They performed a song, dance and play for us, but by the end we felt like privileged white people being solicited for money.  It was a rough day.
We didn’t know this would happen – no one did. We wanted to come, share food and community. They do need money, but this wasn’t our specific purpose.  We did get to feed the boarders a meal with meat – something they usually only get once a year…  They usually eat a diet of maize, stiff porridge, rice and the occasional vegetables.  In the end – the takeaway was more positive than negative because of human connection.  They freaked out over mechanical pencils, and we ended up laughing, dancing, sweating and working out together.
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There’s a movie playing on the airplane.  It’s old and there are subtitles.  I can’t see it at all.  I make a note to go to the eye doctor when I’m back. I pull out my phone to look at some pictures.  
I have so many moments burned into my mind of this last week both in my mind and on film, but being able to communicate the human connection – both with the kids and people here and the people I’ve traveled with – is next to impossible.  Hopefully some of these images will help…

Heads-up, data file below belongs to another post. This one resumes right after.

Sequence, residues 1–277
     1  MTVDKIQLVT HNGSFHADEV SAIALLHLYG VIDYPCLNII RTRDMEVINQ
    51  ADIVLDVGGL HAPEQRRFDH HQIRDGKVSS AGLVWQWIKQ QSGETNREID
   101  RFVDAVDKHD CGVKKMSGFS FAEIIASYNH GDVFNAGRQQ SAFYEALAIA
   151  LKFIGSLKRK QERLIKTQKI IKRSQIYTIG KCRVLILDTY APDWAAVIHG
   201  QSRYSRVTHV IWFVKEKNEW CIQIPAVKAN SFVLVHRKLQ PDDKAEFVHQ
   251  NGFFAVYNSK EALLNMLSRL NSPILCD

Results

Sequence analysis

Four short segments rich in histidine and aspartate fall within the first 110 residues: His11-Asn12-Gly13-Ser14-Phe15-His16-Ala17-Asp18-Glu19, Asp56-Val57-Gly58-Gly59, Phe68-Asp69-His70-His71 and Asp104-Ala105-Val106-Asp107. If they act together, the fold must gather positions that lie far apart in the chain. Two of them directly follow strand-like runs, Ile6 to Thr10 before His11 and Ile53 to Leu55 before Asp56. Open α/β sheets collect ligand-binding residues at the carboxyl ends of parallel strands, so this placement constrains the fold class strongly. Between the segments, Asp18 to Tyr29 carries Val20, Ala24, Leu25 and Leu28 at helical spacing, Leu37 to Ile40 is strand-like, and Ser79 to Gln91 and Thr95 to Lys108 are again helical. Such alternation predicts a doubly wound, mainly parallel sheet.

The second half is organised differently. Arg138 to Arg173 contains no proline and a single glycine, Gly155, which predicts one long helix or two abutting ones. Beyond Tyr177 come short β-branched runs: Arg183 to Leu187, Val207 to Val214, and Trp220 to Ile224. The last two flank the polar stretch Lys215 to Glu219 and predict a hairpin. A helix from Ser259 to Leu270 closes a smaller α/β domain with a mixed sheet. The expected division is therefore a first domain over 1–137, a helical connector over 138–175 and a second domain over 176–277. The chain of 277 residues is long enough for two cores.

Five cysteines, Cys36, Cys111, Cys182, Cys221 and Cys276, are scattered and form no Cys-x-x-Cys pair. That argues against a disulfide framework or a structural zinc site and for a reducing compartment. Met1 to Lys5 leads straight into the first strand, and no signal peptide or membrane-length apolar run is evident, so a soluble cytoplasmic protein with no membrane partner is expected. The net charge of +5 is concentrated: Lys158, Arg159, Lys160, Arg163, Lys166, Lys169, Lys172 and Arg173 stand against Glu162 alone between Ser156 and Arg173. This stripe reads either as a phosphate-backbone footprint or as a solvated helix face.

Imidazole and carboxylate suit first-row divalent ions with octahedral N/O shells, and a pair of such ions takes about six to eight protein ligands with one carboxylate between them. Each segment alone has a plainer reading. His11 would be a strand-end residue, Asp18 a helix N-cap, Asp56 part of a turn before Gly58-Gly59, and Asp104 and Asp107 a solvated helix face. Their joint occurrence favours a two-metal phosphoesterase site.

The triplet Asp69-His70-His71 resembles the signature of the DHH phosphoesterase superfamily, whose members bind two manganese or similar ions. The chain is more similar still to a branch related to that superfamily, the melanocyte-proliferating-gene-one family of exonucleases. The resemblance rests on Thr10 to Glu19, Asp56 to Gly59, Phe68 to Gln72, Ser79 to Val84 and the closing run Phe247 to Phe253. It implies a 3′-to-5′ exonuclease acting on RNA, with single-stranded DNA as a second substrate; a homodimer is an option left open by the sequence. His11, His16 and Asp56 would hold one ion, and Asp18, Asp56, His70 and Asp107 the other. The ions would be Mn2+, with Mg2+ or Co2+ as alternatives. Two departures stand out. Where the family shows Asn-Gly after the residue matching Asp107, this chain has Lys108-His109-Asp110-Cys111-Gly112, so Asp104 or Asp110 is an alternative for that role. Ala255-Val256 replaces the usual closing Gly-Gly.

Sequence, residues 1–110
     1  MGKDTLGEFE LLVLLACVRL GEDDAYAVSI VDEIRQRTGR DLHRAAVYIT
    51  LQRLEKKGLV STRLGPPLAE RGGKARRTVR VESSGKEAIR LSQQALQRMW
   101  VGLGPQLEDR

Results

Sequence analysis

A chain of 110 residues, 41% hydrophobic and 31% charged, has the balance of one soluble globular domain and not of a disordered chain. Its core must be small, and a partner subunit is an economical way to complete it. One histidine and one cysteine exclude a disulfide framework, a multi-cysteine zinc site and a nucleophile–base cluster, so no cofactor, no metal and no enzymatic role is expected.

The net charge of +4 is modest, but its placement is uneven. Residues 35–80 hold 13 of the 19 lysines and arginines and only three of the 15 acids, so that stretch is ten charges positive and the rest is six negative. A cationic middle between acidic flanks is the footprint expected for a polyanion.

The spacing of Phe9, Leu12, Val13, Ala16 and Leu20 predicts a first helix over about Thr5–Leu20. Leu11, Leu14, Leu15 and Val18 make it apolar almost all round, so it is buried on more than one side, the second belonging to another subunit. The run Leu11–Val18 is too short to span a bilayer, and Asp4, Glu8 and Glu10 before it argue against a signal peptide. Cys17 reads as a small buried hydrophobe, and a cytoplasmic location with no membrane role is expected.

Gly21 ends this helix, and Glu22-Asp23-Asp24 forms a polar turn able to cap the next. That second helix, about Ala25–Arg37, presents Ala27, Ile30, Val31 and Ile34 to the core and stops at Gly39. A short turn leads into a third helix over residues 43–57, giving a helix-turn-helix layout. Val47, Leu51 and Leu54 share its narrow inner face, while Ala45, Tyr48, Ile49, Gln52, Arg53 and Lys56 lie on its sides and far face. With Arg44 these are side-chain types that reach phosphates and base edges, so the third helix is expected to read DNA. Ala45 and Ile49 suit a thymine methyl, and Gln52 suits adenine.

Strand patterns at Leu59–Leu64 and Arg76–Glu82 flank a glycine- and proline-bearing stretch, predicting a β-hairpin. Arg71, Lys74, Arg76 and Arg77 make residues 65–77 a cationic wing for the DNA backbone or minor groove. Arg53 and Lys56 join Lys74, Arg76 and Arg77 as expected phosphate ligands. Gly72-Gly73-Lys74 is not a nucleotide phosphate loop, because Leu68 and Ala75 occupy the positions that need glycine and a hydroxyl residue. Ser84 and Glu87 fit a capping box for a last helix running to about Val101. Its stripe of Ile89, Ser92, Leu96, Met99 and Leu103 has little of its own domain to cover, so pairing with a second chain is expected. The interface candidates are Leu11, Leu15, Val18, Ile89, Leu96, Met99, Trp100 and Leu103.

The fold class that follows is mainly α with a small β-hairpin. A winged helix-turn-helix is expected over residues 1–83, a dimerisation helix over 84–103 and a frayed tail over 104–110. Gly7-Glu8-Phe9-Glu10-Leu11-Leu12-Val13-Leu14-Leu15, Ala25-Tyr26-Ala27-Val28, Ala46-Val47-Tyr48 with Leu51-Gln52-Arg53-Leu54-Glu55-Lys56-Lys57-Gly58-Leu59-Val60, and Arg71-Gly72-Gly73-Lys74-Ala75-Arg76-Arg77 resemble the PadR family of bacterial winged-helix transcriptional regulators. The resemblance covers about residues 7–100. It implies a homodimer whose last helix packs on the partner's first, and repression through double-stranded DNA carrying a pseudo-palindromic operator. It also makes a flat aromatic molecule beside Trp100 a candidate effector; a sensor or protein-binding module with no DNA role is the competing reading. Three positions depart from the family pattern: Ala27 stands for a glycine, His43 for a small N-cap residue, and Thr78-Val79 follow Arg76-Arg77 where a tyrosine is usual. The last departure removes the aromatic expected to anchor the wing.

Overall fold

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I got caught up in editing photos.  Inching closer to 4 hours on this flight.  2 more to go.
I almost forgot about the market.  We went to the market on Sunday to check out the local produce, and I was seriously impressed with the array of fresh picks.  It wasn’t as busy as I had imagined, but bursting with colors.  There were fruits, vegetables and pastas in rainbows shaped like X’s and O’s and the alphabet.  There were beautiful people with wide smiles trying to sell you whatever they had at their particular stand.  There was everything from dried fish and knick knacks to cleaning supplies and every fruit imaginable.  It was lovely.
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It’s been a whirlwind.  I had to leave writing for awhile.  We’ve been traveling for over 30 hours and still aren’t home yet.  Perspective.  Little problem compared to some.